As I went down the new cut road,
I met Miss Possum and I met Mr. Toad.
And every time the toad would sing,
The possum cut the pigeon wing.

Chorus:
Turkey in the straw, haw! haw! haw!
Turkey in the hay, hey! hey! hey!
The bull frog danced with his mother in law,
And they played 'em up a tune called turkey in the straw. .....[Ford]

Bryant’s 1861 verses begin:

As I was a-going down the road
With a tired team and a heavy load
I crack'd my whip and the leader sprung
I says day-day to the wagon tongue

Chorus:
Turkey in the straw, turkey in the hay
Roll 'em up and twist 'em up a high tuckahaw
And twist 'em up a tune called Turkey in the Straw

African-American collector Thomas Talley, in his work Negro Folk Rhymes (1922, reprinted in 1991 edited by Charles Wolfe), printed an unusual version called “A Day’s Happiness.” Wolfe notes that while there were dozens of recordings of the tune by early country musicians there were very few by blacks. Talley’s song goes:

I went out to milk an’ I didn’ know how,
I milked dat goat instid o’ dat cow;
While a Nigger a-settin’ wid a gapin’ jaw,
Kept winkin’ his eye at a tucky in de straw.

I went out de gate an’ I went down de road,
An’ I met Miss ‘Possum an’ I met Mistah Toad;
An’ ev’y time Miss ‘Possum ‘ould sing,
Mistah Toad ‘ould cut dat Pigeon’s Wing.

I went in a whoop, as I went down de road;
I had a bawky team an’ a heavy load.
I cracked my whip, an’ ole Beck sprung,
An’ she busted out my wagin tongue.

Dat night dere ‘us a-gittin’ up, shores you’re born,
De louse go to supper, an’ de flea blow de horn.
Dat raccoon paced, an’ dat ‘possum trot;
Dat old goose laid, an’ de gander not.

Cecil Sharp collected a version of "The Turkey in the Straw" in England from Mitchell Wallin, of Allanstand on the 4.8.1916. See also the shared first strain of "Tralee Hornpipe."


Additional notes



Printed sources : - Adam, 1928; No. 22. Bayard (Dance to the Fiddle), 1981; No 320A H, pp. 276 279. Brody (Fiddler’s Fakebook), 1983; p. 280. Bronner (Old Time Music Makers of New York State), 1987; No 3, pp. 21 22, No. 31, p. 121, No. 39, p. 145. Cazden, 1955; p. 26. Stephen F. Davis (Devil's Box), vol. 19, No. 4, Winter, 1985; p. 30. DeVille, 1905; No. 78 & 97. Ford (Traditional Music in America), 1940; p. 59. Howe (Diamond School for the Violin), 1861; p. 44. Howe (School for the Violin), 1851; p. 43. Kerr (Merry Melodies, vol. 1), p. 23. Linscott (Folk Songs of Old New England), 1939; p. 84 85. Messer (Way Down East), 1948; No. 52. Moylan (Johnny O’Leary of Sliabh Luachra), 1994; No. 247, p. 142. O'Malley, 1919; pp. 13 & 40. O'Neill (Krassen), 1976; p. 155. O'Neill (Music of Ireland: 1850 Melodies), 1903; No. 1520, pg. 281. O'Neill (Dance Music of Ireland: 1001 Gems), 1907; No. 739, p. 129. O’Neill (Waifs and Strays of Gaelic Melody), 1922; No. 237. Perlman (The Fiddle Music of Prince Edward Island), 1996; p. 65. Phillips (Fiddlecase Tunebook), 1989; p. 43. Phillips (Traditional American Fiddle Tunes, vol. 1), 1994; p. 246. Raven (English Country Dance Tunes), 1984; p. 166. Robbins Music Corp. (The Robbins collection of 200 jigs, reels and country dances), New York, 1933; No. 26 & No. 158, p. 51. Roche (Collection of Traditional Irish Music, vol. 3), 1928; No. 215, p. 81 (Irish march version). Ruth (Pioneer Western Folk Tunes), 1948; No. 18, pg. 8. Ryan’s Mammoth Collection, 1883; pg. 48. Shaw (Cowboy Dances), 1943; pg. 389. Sweet (Fifer’s Delight), 1965/1981; p. 79. Thede (The Fiddle Book), 1967; p. 113. White's Excelsior Collection, 1907; pp. 33 & 73. White's Unique Collection, 1896; No. 173.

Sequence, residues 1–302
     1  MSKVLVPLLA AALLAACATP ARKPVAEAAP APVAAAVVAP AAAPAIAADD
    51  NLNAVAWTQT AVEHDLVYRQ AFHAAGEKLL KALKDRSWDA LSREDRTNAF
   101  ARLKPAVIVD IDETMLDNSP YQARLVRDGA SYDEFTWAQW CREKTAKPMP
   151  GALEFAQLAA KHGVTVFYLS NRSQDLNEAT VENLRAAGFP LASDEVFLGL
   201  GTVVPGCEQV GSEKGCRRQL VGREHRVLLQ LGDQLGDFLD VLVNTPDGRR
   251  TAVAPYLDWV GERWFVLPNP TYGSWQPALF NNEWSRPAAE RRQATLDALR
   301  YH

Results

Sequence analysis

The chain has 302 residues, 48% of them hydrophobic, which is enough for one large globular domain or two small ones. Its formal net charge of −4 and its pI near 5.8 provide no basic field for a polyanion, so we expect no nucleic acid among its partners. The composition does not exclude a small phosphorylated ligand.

George R. Parisau's Band, Bad Axe, "thumb" of Michigan, c. 1940's.



Recorded sources : - BlueBird 6844 (78 RPM), Arthur Smith Trio (appears as "Straw Breakdown"). Brunswick 235 (78 RPM), The Kessinger Brothers. CCF2, Cape Cod Fiddlers – “Concert Collection II” (1999). Champion 15522 (78 RPM), Red Fox Chasers. Columbia 15084-D (78 RPM), Gid Tanner and the Skillet Lickers (1926). Conqueror 7741 (78 RPM), Doc Roberts. Document DOCD 8056, The Skillet Lickers (reissue). Edison 51278 (RPM), Jasper Bisbee (Michegan), 1923 (appears as last tune in "Girl I Left Behind Me" Medley). Flying Fish 102, New Lost City Ramblers "20 Years/Concert Performances" (1978). Folkways FA 2337, Clark Kessinger "Live at Union Grove." Folkways FA 2381, "The Hammered Dulcimer as played by Chet Parker" (1966). Front Hall, Fennigs All Star String Band "Fennigmania" (1981). Gennett (78 RPM), The Tweedy Brothers (1924. W.Va. string band). MCA 116 {formerly Decca DL7 4896}, Bill Monroe "Bluegrass Time." Missouri State Old Time Fiddlers' Association, Cyril Stinnett - "Plain Old Time Fiddling." Paramount 3015 (78 RPM), John Baltzell (Mt. Vernon, Ohio), 1927. Paramount 33153 (78 RPM), Dr. D. Dix Hollis (Alabama, 1861 1927), 1924. PearlMae Muisc 004-2, Jim Taylor – “The Civil War Collection” (1996). Rounder 0117, "Blaine Sprouse." Sonyatone 201, Eck Robertson "Master Fiddler." Starr 15279 (78 RPM), Antonio Gauthier (1926, as "Marie Chamberland"). Supertone 9163 (78 RPM), Red Fox Chasers. Victor 19149 (78 RPM), Eck Robertson (West Texas), 1922. Edden Hammons Collection, Disc 2.

See also listing at :
Jane Keefer's Folk Music Index: An Index to Recorded Sources [1]
Hear a 1940's performance recording of Michigan fiddler George R. Pariseau play8ng the tune at Slippery Hill [2] and at Digital collections from the Genessee Historical Collections Ctr. [3]